The aim of this article is to report the progress of the two telescope projects prototyping telescope structures and cameras for the Small Size Telescopes for CTA. After a discussion of the CTA project and its scientific objectives, the performance of the SC design is described, with focus on the specific designs of SST-GATE and ASTRI telescopes. The design of both prototypes and their progress is reported in the current prototyping phase. The designs of Cherenkov cameras, CHEC and ASTRI, to be mounted on these telescopes are discussed and progresses are reported.
The Cherenkov Telescope Array (CTA) is an international collaboration that aims to create the world's
largest (ever) Very High Energy gamma-ray telescope array, consisting of more than 100 telescopes
covering an area of several square kilometers to observe the electromagnetic showers generated by
incoming cosmic gamma-rays with very high energies (from a few tens of GeV up to over 100 TeV).
Observing such sources requires - amongst many other things - a large FoV (Field of View). In the
framework of CTA, SST-GATE (Small Size Telescope - GAmma-ray Telescope Elements) aims to
investigate and to build one of the two first CTA prototypes based on the Schwarzschild-Couder (SC)
optical design that delivers a FoV close to 10 degrees in diameter. To achieve the required
performance per unit cost, many improvements in mirror manufacturing and in other technologies are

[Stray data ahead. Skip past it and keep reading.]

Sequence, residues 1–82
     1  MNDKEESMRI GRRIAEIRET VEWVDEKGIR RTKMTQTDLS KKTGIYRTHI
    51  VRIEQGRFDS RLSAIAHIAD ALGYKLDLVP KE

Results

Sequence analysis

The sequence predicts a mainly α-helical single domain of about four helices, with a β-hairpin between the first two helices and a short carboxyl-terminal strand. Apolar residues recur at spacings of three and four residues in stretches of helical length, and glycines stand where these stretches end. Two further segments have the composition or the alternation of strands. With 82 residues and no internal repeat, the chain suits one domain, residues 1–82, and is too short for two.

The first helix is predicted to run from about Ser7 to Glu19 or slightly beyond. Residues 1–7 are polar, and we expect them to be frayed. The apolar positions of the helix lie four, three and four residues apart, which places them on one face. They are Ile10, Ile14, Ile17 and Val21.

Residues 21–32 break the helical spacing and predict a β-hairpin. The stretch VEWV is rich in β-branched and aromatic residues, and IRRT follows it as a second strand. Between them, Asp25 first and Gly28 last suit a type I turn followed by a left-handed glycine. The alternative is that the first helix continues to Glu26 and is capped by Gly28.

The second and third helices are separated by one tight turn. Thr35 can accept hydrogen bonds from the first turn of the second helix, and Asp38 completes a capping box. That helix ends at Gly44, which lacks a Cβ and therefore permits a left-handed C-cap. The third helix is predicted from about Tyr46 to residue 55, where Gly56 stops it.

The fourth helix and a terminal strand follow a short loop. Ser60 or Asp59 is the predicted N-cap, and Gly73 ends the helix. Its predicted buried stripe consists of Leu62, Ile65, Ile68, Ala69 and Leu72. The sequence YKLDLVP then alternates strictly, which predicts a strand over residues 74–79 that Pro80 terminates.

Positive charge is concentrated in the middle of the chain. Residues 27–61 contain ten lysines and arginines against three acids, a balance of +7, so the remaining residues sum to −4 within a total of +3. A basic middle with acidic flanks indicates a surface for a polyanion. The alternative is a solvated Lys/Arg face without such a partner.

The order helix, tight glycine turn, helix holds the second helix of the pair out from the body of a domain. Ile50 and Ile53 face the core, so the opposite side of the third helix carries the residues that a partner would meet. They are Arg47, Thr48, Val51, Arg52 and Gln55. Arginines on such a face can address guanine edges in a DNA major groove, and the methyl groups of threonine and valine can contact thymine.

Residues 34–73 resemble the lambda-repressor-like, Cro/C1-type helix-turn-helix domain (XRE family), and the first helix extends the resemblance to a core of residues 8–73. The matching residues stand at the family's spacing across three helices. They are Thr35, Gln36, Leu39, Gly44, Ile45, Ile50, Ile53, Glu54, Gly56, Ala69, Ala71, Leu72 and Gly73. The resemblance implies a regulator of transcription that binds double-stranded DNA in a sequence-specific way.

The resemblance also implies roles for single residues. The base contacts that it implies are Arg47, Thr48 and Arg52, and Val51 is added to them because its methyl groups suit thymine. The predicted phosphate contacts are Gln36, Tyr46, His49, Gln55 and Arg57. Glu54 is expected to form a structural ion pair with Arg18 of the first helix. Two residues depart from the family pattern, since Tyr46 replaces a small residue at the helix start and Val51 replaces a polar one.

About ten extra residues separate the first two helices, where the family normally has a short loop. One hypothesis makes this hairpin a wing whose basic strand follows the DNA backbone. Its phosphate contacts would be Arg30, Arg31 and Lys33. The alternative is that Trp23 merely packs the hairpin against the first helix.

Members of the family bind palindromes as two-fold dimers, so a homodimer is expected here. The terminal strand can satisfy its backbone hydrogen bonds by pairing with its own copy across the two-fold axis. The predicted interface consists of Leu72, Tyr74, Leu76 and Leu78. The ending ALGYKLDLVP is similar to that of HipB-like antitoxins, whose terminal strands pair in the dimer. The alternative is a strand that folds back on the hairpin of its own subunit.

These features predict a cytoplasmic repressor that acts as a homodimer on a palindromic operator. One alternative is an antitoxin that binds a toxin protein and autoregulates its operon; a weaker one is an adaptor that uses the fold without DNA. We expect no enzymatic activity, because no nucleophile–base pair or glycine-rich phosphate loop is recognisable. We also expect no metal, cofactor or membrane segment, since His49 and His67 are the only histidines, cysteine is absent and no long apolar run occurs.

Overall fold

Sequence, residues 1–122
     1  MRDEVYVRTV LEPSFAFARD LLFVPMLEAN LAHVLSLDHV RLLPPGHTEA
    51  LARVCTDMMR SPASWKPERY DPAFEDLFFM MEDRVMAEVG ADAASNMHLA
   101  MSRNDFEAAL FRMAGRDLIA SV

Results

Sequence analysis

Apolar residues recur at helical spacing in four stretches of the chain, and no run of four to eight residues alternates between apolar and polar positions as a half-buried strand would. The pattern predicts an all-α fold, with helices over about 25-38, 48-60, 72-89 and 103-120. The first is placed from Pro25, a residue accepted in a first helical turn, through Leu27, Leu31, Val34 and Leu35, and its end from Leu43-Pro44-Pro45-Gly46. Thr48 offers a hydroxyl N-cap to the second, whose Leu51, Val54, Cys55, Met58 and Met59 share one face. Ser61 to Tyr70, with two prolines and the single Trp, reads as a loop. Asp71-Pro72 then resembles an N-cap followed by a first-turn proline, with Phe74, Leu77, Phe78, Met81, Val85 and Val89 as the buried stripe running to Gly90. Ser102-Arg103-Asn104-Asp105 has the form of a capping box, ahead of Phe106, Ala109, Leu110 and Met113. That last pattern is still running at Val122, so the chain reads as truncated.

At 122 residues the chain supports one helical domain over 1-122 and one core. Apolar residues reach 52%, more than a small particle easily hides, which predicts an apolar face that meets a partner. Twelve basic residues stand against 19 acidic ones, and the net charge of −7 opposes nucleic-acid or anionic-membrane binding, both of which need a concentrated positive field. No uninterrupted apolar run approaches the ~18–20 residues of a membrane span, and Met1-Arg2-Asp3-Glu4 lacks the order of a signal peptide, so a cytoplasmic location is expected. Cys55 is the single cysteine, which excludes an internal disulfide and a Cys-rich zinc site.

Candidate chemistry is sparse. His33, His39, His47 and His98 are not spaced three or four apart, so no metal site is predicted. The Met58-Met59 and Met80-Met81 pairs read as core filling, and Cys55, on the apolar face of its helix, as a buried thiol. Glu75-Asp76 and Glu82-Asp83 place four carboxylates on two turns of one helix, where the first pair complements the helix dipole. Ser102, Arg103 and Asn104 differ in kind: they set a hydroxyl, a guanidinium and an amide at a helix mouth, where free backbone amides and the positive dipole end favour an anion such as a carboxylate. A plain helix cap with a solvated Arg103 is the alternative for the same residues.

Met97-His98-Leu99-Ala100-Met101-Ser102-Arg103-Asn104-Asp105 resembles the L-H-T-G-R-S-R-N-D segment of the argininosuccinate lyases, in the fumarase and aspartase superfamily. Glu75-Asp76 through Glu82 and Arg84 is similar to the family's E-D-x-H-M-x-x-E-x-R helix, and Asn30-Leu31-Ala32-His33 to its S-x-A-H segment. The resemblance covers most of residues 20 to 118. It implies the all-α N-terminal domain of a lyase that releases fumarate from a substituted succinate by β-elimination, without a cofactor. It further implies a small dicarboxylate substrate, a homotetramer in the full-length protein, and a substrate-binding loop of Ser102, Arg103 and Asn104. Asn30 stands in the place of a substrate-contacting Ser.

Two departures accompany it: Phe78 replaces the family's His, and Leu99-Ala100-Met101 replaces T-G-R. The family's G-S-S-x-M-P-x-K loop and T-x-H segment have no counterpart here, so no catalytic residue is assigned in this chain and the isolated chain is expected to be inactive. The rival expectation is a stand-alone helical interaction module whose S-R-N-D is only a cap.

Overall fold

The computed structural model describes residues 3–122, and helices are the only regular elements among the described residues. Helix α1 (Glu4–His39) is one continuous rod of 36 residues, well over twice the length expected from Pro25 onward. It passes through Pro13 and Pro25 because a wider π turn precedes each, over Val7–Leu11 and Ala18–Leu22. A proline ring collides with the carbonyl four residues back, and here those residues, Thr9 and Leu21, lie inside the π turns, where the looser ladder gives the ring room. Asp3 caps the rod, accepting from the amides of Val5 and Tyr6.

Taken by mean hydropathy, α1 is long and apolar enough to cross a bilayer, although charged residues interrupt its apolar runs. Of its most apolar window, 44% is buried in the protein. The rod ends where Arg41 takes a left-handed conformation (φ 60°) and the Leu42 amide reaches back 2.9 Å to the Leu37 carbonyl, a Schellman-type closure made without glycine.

required. We present in this paper the current status of our project. After a brief introduction of the
very high energy context, we present the opto-mechanical design, discuss the technological tradeoffs
and explain the electronics philosophy that will ensure the telescopes cost is minimised without
limiting its capabilities. We then describe the software nedeed to operate the telescope and conclude
by presenting the expected telescope performance and some management considerations.
In the last two decades a new window for ground-based high energy astrophysics has been opened. This explores the
energy band from about 100 GeV to 10 TeV by making use of Imaging Atmospheric Cherenkov Telescopes (IACTs).
Research in Very High Energy (VHE) gamma-ray astronomy is progressing rapidly and, thanks to the newest facilities
such as MAGIC, HESS and VERITAS, astronomers and particle physicists are obtaining data with far-reaching
implications for theoretical models.
The Cherenkov Telescope Array (CTA) is the ambitious international next-generation facility for gamma-ray astronomy
and astrophysics that aims to provide a sensitivity of a factor of 10 higher than current instruments, extend the energy
band coverage from below 50 GeV to above 100 TeV, and improve significantly the energy and angular resolution to
allow precise imaging, photometry and spectroscopy of sources. To achieve this, an extended array composed of nearly
100 telescopes of large, medium and small dimensions is under development. Those telescopes will be optimized to
cover the low, intermediate and high energy regimes, respectively.
In this paper, we focus our attention on the Small Size Telescopes (SSTs): these will be installed on the CTA southern
hemisphere site and will cover an area of up to 10 km2. The energy range over which the SSTs will be sensitive is from
around 1 TeV to several hundreds of TeV. The status of the optical and mechanical designs of these telescopes is
presented and discussed. Comments are also made on the focal surface instruments under development for the SSTs.